The new social technologies have the potential to influence connectivity and interaction as much as the sciences of complexity are going to influence our thinking. The task today is to understand what both social business and complexity mean. The next management paradigm is going to be based on those two, at the same time.

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John Hagel on “harnessing the power of randomness” and “resilience

4 Responses to “Business and complexity”

  1. Jon Husband Says:

    The new social technologies have the potential to influence connectivity as much as the sciences of complexity are going to influence our thinking. The task today is to understand what both social business and complexity mean.

    The next management paradigm is going to be based on those two, at the same time.

    Yes.

    I am reminded of the following quote by Stan Davis in the book Future Perfect (1987) .. the last two paragraphs of Chapter 3 ;-)

    It’s part of what got me started thinking about what I call ‘wirearchy”.

    “Electronic information systems enable parts of the whole organization to communicate directly with each other, where the hierarchy wouldn’t otherwise permit it. What the hierarchy proscribes, the network facilitates: each part in simultaneous contact with all other parts and with the company (see expanded definition above)as a whole. The organization can be centralized and decentralized simultaneously: the decentralizing mechanism in the structure, and the coordinating mechanism in the systems.

    Networks will not replace or supplement hierarchies; rather the two will be encompassed within a broader conception that embraces both.”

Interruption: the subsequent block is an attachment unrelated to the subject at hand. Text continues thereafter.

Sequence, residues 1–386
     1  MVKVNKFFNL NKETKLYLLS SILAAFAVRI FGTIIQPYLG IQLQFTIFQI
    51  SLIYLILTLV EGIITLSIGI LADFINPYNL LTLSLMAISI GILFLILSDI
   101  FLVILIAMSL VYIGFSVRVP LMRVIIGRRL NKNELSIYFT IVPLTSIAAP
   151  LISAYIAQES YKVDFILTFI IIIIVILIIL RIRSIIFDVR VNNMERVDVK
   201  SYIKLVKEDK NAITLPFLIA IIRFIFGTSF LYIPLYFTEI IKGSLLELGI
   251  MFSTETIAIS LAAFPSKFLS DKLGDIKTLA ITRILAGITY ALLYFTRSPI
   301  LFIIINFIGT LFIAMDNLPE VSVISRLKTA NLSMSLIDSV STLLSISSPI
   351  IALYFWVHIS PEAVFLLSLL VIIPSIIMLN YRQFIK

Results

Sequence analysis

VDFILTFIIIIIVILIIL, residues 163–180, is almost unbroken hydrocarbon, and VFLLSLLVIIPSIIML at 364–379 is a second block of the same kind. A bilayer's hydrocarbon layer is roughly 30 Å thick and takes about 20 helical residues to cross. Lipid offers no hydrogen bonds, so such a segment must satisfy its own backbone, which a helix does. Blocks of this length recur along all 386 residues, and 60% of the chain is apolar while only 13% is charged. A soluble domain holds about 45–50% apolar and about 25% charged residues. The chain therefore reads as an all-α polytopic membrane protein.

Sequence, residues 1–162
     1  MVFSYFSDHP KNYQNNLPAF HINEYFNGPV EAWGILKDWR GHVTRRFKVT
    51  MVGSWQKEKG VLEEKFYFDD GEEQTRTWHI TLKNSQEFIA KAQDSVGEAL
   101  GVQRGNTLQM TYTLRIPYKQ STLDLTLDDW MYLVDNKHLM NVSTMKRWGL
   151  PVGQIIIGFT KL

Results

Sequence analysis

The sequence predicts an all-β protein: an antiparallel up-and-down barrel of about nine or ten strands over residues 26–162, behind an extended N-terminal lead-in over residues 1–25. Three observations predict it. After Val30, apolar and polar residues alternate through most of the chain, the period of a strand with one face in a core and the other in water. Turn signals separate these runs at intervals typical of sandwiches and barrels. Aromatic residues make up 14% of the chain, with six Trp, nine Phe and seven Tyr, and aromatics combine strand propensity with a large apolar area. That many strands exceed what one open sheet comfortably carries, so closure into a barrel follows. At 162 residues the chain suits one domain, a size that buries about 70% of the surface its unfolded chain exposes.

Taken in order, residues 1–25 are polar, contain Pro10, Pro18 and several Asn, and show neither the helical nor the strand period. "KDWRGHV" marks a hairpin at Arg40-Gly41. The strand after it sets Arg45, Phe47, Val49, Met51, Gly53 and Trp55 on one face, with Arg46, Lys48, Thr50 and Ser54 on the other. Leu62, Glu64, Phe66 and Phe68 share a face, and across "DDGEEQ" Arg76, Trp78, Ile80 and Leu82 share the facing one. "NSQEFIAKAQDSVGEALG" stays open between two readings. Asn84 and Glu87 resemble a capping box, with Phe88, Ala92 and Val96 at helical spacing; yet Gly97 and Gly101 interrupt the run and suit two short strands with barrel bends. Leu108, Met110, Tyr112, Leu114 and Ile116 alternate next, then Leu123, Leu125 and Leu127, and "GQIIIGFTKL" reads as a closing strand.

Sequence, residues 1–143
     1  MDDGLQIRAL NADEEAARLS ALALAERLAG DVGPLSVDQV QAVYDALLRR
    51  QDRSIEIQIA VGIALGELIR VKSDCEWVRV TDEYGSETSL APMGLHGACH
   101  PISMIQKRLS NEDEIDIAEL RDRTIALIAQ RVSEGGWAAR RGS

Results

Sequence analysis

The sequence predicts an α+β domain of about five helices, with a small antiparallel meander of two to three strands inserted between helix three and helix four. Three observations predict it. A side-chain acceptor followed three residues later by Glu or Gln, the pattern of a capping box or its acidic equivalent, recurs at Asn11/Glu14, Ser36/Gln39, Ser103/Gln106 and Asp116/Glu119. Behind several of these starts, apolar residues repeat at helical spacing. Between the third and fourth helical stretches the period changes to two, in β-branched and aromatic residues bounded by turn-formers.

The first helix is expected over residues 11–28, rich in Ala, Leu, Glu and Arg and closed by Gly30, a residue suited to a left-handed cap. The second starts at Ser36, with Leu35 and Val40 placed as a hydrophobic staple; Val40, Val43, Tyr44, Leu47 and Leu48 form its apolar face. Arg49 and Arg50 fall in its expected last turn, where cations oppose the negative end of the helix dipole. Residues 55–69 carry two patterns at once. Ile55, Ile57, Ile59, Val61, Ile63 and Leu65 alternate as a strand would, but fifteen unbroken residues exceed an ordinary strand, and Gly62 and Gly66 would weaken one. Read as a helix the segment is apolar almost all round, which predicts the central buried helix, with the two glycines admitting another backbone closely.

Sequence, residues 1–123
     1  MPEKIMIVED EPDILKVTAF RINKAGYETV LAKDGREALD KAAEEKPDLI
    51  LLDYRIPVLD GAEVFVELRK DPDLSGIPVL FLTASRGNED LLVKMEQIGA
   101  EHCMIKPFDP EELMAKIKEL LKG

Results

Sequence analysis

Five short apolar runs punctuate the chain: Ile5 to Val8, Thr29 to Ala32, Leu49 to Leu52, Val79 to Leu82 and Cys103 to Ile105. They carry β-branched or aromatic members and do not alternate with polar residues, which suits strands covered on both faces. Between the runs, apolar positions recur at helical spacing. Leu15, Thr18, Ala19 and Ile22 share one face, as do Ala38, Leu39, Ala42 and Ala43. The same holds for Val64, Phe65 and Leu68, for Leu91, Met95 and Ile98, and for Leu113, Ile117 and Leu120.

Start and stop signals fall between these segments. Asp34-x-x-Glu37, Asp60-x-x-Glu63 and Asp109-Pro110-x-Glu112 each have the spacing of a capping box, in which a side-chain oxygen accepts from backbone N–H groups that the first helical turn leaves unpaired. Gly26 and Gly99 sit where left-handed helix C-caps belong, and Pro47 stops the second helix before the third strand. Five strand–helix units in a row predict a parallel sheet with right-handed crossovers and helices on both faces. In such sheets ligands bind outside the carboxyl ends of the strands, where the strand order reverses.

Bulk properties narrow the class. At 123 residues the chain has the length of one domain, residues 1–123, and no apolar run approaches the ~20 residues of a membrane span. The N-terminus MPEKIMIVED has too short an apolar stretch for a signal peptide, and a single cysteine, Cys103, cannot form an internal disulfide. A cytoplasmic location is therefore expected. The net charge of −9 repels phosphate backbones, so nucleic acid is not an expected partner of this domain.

I think that management philosophy and protocols / practices will perforce necessarily (and eventually) have to follow this direction and the dynamics engendered.

  2. eskokilpi Says:

    Yes, thank you John


  3. Really good though slightly dodgy on the accuracy of what resonance means.

    The bigger issue is that the fundamental structure of information has ‘obverted’. When I was born almost all information was limited to its inscription on an object – a piece of paper. It was also generally assumed to have one meaning because it existed mostly in one system – that which originated it. For example Births & Deaths registry, letters, records of meetings.

    Now any individual element (such as this comment) can exist immediately in many systems simultaneously. My hard drive, yours, the server, my hard copy print-out, twitter, an email, or if someone reads it aloud to a phone camera, on YouTube.

    What happens is that organisational structures follow the structure of information.

    So we are beginning to experience new formations organising around tasks and reflecting not the hierarchy of information but its hyperlinked nature.

    Against this is our desire for order and certainty, which leads us to force information into shapes that feel safe and organisations that feel secure. Neither are.

    We can sit at the edge of chaos, which is fun. We can also think of how to frame new ‘attractors’, zones around which systems orbit. This will yield new organisational types. We need to be a bit careful because – as with fish stocks, global warming and a couple of other systems – the new stable state may turn out to be a bit vicious for some communities.


  4. […] starting to come to terms with what my good friend Esko Kilpi brilliantly wrote about at “Social Business and Complexity” not long ago and which I am going to take the liberty of quoting over here as […]